SF: Here and there. I’ve heard some really nice things from veterans. We had a consultant and his takeaway for us was not to over-dramatize the plight of the veteran. There’s a lot of humor to be had, and they’re just dudes who would like to get back to normalcy. Obviously aside from the fact that everything’s broken and they need help, I think the effort is to humanize it a little bit and to bring it down to more of a personal struggle that could maybe be relatable. The VA episode is really about bureaucracy and standing up for yourself. It’s a really tricky storyline to do. I think there are aspects of it that makes me nervous, because it is so serious and so endemic and so problematic and entrenched in this country. It’s a pet concern of mine, so I thought while I could give money and time to it on the serious side, it would be interesting to maybe also put a human face on this scary thing, PTSD.
AVC: The world of the show feels lived in: It’s expansive, but it’s still a specific community that you keep coming back to. How did you get to that point where it wasn’t this claustrophobic story about these two characters?
SF: I think that’s always been my goal. I’ve always loved ensemble shows. From a pure writing standpoint, it’s a lot easier when you have more characters to bounce things off of. One of my other mantras on set and in the writers’ room is always world-building. We’re building a world that feels inhabited and lived in. Also, I pay a lot of attention to structure in television. What I love about shows like Breaking Bad is that they’re so good at making the audience feel like they’re in safe hands. In other words, if you introduce something, it’ll be used, it’s going to have an arc, and it’s going to come to fruition. So I was very careful to make sure that if I’m introducing something, for the most part, there’s an arc to it. Like the shop cat, for instance: It’s just a cat, but I wanted to make sure we serviced it. Or the vibrator plugged in to dangerous-looking Christmas lights: That could have just been a joke in episode four when Jimmy visits the apartment, but it has a B-side, it has a payoff, it has an arc.
Also, I think when you’re telling a romantic comedy, you have these typical stock characters, like the sister/bride, the dorky husband, and the bro husband. What interested me was to then take these stock-ish characters and taking these clichés and say, “Okay, yes, they kind of look like clichés on the surface, but we’re actually going to round them out and show other sides of them.” Rather than just having the bearded bro sidekick, we have Edgar who has some issues but also isn’t just invested in the main character’s love life, because that’s what you see in every romantic comedy, and it’s just not fucking realistic. No one cares that much about other people. We are all the stars of our own story. It’s always been my goal to populate the world but also make sure everything in the world is dimensional, and I think that it helps to tell the audience that you’re in safe hands.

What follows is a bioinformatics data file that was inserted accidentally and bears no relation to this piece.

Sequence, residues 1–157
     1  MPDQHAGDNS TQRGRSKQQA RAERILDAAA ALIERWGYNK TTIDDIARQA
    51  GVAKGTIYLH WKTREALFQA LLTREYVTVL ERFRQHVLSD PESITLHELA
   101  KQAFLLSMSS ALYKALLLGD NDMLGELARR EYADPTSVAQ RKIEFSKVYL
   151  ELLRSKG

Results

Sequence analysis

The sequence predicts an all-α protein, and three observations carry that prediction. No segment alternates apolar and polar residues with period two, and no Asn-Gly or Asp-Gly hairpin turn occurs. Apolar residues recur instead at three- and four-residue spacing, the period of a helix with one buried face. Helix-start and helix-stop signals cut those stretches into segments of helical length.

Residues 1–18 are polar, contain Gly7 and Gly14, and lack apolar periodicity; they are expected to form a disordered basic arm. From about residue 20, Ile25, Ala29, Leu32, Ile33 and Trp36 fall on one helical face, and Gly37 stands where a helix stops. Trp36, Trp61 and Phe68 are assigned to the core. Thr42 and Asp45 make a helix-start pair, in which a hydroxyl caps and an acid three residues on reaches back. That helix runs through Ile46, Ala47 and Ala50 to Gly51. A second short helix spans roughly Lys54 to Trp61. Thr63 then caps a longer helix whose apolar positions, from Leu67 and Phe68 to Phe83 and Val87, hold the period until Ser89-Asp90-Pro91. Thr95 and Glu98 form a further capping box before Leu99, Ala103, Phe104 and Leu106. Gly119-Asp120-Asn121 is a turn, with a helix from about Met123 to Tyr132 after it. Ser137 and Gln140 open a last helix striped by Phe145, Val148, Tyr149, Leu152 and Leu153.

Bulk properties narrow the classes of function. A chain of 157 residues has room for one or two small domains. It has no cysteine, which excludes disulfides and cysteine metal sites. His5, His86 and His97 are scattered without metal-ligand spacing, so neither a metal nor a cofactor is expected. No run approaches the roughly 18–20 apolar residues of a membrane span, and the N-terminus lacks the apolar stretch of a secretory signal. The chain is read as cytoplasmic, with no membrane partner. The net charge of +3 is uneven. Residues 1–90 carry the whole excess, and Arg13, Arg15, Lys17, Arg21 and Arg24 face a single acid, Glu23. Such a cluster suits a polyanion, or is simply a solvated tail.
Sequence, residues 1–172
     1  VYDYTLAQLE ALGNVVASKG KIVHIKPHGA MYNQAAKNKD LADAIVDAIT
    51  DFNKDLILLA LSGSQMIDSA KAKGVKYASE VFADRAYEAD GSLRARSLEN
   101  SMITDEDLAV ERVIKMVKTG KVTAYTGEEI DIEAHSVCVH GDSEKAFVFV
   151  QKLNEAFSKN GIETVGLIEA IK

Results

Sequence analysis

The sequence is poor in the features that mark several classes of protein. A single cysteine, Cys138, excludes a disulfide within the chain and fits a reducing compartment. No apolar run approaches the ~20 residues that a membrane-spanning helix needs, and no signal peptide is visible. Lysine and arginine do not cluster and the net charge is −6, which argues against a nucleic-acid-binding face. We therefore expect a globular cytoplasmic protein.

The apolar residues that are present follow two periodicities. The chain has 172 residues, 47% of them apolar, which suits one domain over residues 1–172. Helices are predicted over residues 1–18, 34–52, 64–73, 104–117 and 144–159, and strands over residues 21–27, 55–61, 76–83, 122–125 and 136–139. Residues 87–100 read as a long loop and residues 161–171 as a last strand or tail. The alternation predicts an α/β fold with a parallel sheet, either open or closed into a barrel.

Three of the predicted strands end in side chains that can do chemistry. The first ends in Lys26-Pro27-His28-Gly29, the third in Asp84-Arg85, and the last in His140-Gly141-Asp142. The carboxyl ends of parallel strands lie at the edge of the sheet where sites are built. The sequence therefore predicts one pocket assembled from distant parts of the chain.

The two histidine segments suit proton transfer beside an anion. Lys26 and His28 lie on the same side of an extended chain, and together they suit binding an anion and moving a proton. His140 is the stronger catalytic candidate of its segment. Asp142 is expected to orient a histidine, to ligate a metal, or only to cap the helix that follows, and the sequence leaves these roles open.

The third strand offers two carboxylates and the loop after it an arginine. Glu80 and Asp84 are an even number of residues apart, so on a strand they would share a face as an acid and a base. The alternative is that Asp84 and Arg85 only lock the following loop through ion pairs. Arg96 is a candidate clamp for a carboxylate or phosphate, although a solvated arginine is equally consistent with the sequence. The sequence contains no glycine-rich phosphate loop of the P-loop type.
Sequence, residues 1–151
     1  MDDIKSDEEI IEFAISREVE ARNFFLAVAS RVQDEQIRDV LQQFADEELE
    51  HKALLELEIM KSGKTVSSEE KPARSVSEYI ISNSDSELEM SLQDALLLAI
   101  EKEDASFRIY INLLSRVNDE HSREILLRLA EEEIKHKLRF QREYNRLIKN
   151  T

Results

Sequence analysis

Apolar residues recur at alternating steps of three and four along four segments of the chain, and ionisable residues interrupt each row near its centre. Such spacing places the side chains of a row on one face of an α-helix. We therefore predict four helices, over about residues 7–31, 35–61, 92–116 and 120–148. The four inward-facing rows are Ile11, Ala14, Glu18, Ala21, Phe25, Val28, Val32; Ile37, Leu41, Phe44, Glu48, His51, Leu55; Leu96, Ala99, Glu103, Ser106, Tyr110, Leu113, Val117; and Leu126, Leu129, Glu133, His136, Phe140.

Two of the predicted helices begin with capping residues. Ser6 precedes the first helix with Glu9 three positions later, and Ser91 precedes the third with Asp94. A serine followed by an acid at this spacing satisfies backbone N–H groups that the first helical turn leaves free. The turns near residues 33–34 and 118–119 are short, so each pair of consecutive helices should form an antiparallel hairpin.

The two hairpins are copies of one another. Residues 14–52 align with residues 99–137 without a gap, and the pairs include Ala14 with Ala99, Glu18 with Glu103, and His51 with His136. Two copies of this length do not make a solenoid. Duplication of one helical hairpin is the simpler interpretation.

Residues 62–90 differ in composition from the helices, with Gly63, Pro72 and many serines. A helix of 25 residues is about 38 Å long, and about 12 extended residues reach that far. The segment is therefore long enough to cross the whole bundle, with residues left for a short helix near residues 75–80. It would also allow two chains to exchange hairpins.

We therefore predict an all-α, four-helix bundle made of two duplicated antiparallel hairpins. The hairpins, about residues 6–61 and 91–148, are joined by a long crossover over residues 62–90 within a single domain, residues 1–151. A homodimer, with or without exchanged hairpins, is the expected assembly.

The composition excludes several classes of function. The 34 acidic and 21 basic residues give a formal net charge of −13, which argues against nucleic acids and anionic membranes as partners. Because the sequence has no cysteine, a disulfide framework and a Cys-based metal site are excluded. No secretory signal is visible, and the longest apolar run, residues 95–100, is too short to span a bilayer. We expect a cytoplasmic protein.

AVC: There are several John Hughes echoes throughout the first season: The discussion about Ferris Bueller’s Day Off in episode two, the cover of “This Woman’s Work”—which factors prominently into She’s Having A Baby—in the finale. Were you at all inspired by John Hughes’ work in any sort of way?
SF: As a writer, he’s probably one of the more fundamental influences. If asked, I would probably name some more highfalutin shit, like Dickens. [Laughs.] Or, you know, I actually did kind of base the show off of a John Osborne play from the ’50s, Look Back In Anger, but yeah, John Hughes, man. He’s the king. The first screenplay I ever wrote was definitely inspired by him—it was a teen romance surrounding the prom. Ferris Bueller has just always been a touchstone for me storytelling wise. I think it’s just brilliant. I wasn’t actually that familiar with She’s Having A Baby, but “This Woman’s Work” was more—that song was put on a breakup mix by a girlfriend of mine in college that she left in my dorm. I thought it was such a fucking sad song that it always kind of haunted me, and I thought it’d be funny to bring it back here. It’s completely kind of out-of-context and not really earned because Lindsay has been cheating on Paul. It’s kind of an encapsulation of what I liked about the show: It works as both heartfelt and also completely ridiculous at the same time, and because Kether takes it so seriously, it really makes it work. So yes, John Hughes is a big influence of mine.